right of every political party or group to select the candidates who, by their
election, could translate into actuality their hopes for the fundamental law that the
times demand. Moreover, is it not in keeping with the rights to intellectual
freedom so sedulously safeguarded by the Constitution to remove all obstacles
to organized civic groups making their influence felt in the task of constitution
framing, the result of which has momentuous implications for the nation? What is
decisive of this aspect of the matter is not the character of the association or
organized group as such but the essentially political activity thus carried out.

This is not to deny the wide latitude as to the choice of means vested in
Congress to attain a desirable goal. Nor can it be successfully argued that the
judiciary should display reluctance in extending sympathy and understanding to
such legislative determination. This is merely to stress that however worthwhile
the objective, the Constitution must still be paid deference. Moreover, it may not
be altogether unrealistic to consider the practical effects of the ban as thus
worded as not lacking in effectivity insofar as civic, religious, professional or other
organizations or organized group is concerned, but not necessarily so in the case
of political party, political group or political committee. There is the commendable
admission by Senator Tolentino, appearing as amicus curiae, that the political
leaders of stature, in their individual capacity, could continue to assert their
influence. It could very well happen, then, in not a few cases, assuming the
strength of political parties, that a candidate thus favored is sure of emerging the
victor. What is thus sought to be accomplished to guard against the evil of party
spirit prevailing could very well be doomed to futility. The high hopes entertained
by the articulate and vocal groups of young people, intellectuals and workers,
may not be realized. The result would be that this unorthodox and novel provision
could assume the character of a tease, an illusion like a munificent bequest in a
pauper's will.

If such an appraisal is not unjustifiably tinged with pessimism, then, to my mind, a


radical approach to a problem possibly tainted with constitutional infirmity cannot
hurdle the judicial test as to its validity. It is one thing to encourage a fresh and
untried solution to a problem of gravity when the probability of its success may be
assumed. It is an entirely different matter to cut down the exercise of what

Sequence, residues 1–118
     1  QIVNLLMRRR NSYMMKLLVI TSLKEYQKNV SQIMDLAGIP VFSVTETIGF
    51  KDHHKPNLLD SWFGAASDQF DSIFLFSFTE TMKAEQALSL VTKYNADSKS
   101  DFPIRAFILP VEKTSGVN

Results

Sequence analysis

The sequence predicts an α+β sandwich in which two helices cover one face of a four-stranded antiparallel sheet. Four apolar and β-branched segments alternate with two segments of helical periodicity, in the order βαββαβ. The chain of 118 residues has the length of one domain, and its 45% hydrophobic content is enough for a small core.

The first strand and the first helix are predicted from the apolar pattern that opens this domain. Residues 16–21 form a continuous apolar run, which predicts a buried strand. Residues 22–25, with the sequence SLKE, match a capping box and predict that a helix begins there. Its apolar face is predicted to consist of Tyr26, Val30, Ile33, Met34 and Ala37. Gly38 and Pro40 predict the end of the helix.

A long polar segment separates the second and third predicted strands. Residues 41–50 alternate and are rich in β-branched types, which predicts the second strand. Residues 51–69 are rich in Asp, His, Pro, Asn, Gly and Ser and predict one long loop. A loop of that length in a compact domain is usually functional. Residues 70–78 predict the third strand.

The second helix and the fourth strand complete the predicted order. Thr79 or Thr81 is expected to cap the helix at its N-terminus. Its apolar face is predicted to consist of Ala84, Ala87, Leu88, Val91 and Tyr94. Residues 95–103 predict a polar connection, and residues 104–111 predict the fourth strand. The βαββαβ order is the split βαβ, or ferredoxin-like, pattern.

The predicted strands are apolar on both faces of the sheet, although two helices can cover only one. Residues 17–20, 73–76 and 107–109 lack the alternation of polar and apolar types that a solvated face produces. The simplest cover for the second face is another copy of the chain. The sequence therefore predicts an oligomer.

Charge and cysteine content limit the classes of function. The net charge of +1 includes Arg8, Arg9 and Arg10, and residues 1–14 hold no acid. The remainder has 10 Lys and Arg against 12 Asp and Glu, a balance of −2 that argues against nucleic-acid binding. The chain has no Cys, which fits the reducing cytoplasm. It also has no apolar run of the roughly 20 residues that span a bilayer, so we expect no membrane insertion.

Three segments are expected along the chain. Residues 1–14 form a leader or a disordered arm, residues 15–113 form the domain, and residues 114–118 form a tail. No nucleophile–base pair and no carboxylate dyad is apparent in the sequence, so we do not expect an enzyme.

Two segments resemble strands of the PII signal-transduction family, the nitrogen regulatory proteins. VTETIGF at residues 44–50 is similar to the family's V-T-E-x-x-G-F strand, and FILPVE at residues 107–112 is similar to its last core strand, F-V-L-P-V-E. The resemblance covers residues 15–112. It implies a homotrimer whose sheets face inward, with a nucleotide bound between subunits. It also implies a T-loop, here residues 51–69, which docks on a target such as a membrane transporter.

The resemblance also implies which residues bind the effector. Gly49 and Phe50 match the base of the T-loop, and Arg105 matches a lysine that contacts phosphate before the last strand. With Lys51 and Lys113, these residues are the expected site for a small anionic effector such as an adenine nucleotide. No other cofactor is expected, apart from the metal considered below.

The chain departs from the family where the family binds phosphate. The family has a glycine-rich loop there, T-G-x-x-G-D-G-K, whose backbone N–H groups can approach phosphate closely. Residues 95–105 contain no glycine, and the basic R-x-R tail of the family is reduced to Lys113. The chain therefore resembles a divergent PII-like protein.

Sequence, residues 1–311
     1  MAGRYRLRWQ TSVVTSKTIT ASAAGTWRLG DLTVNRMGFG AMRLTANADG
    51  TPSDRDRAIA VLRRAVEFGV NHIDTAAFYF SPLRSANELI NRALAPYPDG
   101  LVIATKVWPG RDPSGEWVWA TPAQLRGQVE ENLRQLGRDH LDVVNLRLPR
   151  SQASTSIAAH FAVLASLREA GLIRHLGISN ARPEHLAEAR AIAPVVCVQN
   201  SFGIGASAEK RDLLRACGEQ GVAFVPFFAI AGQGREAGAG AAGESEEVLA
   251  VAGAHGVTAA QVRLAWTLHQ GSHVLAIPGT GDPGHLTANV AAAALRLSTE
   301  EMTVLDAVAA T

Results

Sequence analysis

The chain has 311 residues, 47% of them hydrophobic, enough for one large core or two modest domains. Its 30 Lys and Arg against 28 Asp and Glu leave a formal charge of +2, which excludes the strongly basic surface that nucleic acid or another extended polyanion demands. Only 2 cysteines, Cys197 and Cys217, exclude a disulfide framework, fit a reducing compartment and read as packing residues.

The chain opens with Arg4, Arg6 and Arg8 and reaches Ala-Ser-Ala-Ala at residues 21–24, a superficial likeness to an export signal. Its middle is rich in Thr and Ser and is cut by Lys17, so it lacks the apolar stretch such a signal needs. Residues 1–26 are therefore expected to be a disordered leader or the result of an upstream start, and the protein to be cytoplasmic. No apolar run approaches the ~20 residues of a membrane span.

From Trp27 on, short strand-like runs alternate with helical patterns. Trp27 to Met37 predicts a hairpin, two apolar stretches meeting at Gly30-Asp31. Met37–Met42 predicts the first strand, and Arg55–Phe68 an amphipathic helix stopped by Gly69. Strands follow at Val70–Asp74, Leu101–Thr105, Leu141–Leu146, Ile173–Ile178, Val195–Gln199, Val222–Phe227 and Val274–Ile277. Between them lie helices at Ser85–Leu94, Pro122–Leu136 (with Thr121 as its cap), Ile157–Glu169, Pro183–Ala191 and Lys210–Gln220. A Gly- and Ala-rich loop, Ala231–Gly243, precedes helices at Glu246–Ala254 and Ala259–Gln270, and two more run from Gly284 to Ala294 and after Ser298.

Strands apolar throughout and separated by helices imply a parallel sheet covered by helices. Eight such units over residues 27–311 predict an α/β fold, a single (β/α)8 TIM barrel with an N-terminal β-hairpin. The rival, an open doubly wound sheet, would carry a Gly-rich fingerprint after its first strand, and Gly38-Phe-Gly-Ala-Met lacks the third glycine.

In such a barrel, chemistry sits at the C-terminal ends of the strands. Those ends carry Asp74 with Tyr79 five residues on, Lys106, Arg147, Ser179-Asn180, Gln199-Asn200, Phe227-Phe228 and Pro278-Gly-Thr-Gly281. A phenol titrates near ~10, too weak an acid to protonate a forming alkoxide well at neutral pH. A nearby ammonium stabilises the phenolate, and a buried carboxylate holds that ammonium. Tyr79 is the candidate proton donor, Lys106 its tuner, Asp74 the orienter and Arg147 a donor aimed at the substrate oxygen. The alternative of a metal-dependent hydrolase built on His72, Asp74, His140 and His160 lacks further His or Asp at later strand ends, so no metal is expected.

otherwise are undeniable constitutional rights, when as in this case, the outcome
might belie expectations. Considering the well-settled principle that even though
the governmental process be legitimate and substantial, they cannot be pursued
by means that broadly stifle fundamental personal liberties, if the end can be
narrowly achieved, I am far from being persuaded that to preclude political
parties or other groups or associations from lending aid and support to the
candidates of men in whom they can repose their trust is consistent with the
constitutional rights of freedom of association and freedom of expression. Here,
the danger of overbreadth, so clear and manifest as to be offensive to
constitutional standards, magnified by the probability that the result would be the
failure and not success of the statutory scheme, cautions against the affixing of
the imprimatur of judicial approval to the challenged provision.

5. Necessarily then, from this mode of viewing the matter, it would follow that the
holding of this Court in Gonzales v. Comelec 12 does not compel the conclusion
reached by the majority sustaining the validity of this challenged provision. What
survived the test of constitutional validity in that case, with the Court unanimous
in its opinion, is the prohibition for any political party, political committee or
political group to nominate candidates for any elective public office voted for at
large earlier than 150 days immediately preceding election and for any other
public office earlier than 90 days immediately preceding such election. 13 A
corollary to the above limitation, the provision making it unlawful for any person,
whether or not a voter or candidate, or for any group or association of persons,
whether or not a political party or political committee, to engage in an election
campaign or partisan political activity except during the above periods
successfully hurdled, the constitutional test, although the restrictions as to the
making of speeches, announcements or commentaries or holding interviews for
or against the election of any party or candidate for public office or the publishing
or distributing of campaign literature or materials or the solicitation or undertaking